In doing  some online research I found an additional number for the 3rd party vendor they use and called their 24 hour number only to learn that not only was there not a policy # for my flight, but because I hadn’t purchased insurance from them within a 7 day window after purchasing my ticket from BA, I wasn’t going to be able to buy a policy.    Frustrated I went to bed and woke up early to try calling once again.

Finally after a few short hours of sleep I found myself awake, called and after a relatively short hold time I reached a BA sales agent who I told about the issues with web pricing.  With an incredibly rude tone, she directed me to the website and said that regardless of what I’d be told previously the $119 fee for the 3rd bag was correct.  Throughout the conversation she was rude, unfriendly, and combative.  This led me to escalate to a supervisor who while apologetic and far more friendly was unwilling/unable to do anything to fix the fee amount despite the source of the misinformation being one of their booking agents.

At this point I’d been forced to book by phone because their web portal wasn’t working, been sold an upgrade at 15,000 miles on the premise of discounted luggage fees which were non-existent, faced ridiculous  hold times and BA had no intention of doing a damn thing about it. Not to mention never having been offered the opportunity or informed of the need to purchase third party travel insurance (which only had a 7 day window to begin with).

Unwilling to make the situation right about the mileage upgrade and added fees for the luggage the supervisor did at least take the time to call the insurance provider and to line up a last minute insurance plan which I was able to purchase over the phone.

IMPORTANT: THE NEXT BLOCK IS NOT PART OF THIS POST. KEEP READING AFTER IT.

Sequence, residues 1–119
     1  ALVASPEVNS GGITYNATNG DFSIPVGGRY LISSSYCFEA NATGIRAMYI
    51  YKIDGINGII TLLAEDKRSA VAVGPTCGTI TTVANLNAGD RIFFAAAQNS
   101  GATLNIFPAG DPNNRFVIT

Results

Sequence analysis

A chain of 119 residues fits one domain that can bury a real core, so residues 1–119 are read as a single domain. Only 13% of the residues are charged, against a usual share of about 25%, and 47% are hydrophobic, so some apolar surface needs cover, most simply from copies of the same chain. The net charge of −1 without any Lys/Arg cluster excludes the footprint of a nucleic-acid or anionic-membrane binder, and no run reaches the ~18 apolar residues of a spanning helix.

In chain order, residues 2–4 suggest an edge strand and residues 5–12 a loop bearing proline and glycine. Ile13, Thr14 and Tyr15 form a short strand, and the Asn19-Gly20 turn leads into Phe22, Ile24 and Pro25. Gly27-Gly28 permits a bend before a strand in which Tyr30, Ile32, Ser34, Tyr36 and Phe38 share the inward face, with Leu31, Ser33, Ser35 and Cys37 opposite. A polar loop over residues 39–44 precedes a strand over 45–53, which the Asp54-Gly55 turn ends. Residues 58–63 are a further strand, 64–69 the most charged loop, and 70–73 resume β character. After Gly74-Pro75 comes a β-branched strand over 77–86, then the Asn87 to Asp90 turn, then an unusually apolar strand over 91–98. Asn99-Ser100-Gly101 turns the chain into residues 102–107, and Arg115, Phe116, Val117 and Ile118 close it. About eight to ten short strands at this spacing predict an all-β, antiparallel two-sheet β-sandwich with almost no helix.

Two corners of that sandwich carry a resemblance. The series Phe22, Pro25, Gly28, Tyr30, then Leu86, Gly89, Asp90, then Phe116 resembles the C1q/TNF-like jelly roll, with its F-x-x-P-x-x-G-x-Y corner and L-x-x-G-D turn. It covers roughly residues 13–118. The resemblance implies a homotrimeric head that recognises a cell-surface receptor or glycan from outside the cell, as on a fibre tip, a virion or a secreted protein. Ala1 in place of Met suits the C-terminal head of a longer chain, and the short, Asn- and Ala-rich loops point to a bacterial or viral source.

I am both incredibly annoyed and disgusted by the way British Airways handled the entire thing.  Their lack of interest in making the situation right was only compounded by the terrible performance of their phone and web services. For a major airline and allegedly one of the more reputable ones, their level of professionalism was absolutely lacking.

It’s a pretty sad statement when a customer has to not only work to spend money on an airline, but also has to work with that airline on a buyer-be-ware basis. If this is the type of service and treatment I can expect from them, I’ll be looking forward to the moment when I can dump my miles and cancel my card. It is also worth noting that in sharing this story with friends and fellow travelers, I’ve heard similar story after story that indicates BA has systematic customer service and quality issues.

Frequent Flyer Credit Card Whoes

The Fjords, Norway

**UPDATE** – While still frustrated by the experience I had, I recently decided to give FF programs another go.  While I have continued to face frustrations with the process, booking and usage of my points, there is value there for those willing to play the game.  It is important, however, that you be prepared to play that game and do your research.

A few years ago I signed up for an Alaska Airlines Frequent Flyer Credit Card.  It seemed like a great idea.  After all, I fly internationally 2+ times a year, love travel, and put most of my expenses on my credit card. They were offering a 20,000 mile signing bonus which was solid at the time and a few additional perks including a large partner network. Unless something drastic changes I’ll never sign up for another frequent flyer card again.